"Harnessing CUNY as a Launchpad into Tech Careers"
A Center for an Urban Future Policy Symposium
Replay of the event
No institution is better positioned than the City University of New York (CUNY) to help New York City make progress towards a more inclusive economy. Although the city is home to a number of well-regarded nonprofit tech training programs, only CUNY has the capacity to help New Yorkers from underrepresented populations prepare for technology careers at scale. CUNY graduates more than 9,000 students annually with science, technology, engineering, and math (STEM) degrees—including nearly 4,000 students with technology degrees. Unfortunately, New York has only begun to harness CUNY’s remarkable potential to serve as the city’s largest and most equitable springboard into technology careers. Currently, relatively few CUNY students are making the leap into well-paying tech positions.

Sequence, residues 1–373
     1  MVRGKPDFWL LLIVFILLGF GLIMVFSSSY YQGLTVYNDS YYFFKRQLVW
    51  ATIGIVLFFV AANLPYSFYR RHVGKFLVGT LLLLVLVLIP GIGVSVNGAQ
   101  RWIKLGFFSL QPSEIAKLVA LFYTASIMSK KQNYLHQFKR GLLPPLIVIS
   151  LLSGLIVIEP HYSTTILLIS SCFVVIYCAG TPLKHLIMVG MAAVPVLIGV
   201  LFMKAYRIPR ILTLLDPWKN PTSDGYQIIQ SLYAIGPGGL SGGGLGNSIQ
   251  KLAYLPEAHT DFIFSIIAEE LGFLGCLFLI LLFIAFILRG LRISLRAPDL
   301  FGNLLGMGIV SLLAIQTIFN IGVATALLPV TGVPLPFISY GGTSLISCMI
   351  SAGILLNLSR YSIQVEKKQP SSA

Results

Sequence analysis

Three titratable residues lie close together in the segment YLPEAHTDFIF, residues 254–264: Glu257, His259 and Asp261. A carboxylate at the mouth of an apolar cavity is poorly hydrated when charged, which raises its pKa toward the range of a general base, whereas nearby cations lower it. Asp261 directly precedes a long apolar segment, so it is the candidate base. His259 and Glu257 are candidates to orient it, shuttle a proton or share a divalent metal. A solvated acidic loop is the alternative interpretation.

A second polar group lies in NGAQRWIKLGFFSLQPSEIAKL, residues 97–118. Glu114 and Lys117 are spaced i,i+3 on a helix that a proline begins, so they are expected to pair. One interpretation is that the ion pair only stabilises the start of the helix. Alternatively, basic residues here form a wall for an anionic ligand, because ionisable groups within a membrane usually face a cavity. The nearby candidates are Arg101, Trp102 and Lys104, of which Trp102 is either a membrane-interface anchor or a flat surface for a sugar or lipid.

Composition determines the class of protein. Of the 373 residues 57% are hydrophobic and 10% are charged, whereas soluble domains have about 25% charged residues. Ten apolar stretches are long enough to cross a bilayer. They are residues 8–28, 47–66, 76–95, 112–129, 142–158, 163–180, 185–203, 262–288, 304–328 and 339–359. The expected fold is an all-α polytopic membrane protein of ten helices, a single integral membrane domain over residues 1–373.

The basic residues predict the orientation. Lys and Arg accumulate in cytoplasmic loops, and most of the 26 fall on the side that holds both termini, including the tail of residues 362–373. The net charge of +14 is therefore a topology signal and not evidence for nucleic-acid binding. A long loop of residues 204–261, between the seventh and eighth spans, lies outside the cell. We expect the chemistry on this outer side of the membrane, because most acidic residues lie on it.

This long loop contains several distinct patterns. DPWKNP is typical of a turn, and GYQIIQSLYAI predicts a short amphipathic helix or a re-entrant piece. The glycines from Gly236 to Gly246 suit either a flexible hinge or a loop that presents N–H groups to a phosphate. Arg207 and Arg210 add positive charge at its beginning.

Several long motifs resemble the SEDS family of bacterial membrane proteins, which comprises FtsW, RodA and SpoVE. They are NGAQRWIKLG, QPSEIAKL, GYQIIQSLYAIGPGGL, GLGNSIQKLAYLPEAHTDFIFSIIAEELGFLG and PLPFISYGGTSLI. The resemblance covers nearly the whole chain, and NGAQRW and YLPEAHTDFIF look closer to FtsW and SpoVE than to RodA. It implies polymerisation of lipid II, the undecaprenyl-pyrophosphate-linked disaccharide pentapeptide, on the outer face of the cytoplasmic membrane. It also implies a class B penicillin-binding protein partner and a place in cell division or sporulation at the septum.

This forum explored CUNY's enormous—but still largely untapped—potential to serve as a launchpad for New Yorkers of color into well-paying tech careers. It discussed the barriers that prevent larger numbers of CUNY graduates from breaking into the technology sector, highlighted programs at CUNY and elsewhere that are working, and put forth concrete ideas for what city and state policymakers, local tech companies, and CUNY itself should be doing to ensure that far more CUNY graduates are able to get good jobs in the tech sector.
- Félix V. Matos Rodríguez, Chancellor, City University of New York (CUNY)
- Council Member Eric Dinowitz, New York City Council; Chair, Committee on Higher Education
- Abby Jo Sigal, Executive Director, Mayor's Office of Talent and Workforce Development
- Dawn Barber, Co-Founder, Creative Tech Week; Founder, CUNY Tech Meetup
- Jason Clark, Executive Director, Tech:NYC
- Hashir Qureshi, Media Application Architect, Amazon Web Services (AWS); CUNY Graduate
- Lindsay Siegel, Head of Impact, Company Ventures
A video of the full discussion is available here.
This symposium was made possible through generous support from Amazon. We are also grateful for general support from The Clark Foundation, the Bernard F. and Alva B. Gimbel Foundation, the Altman Foundation, and ongoing support from a number of other philanthropic funders.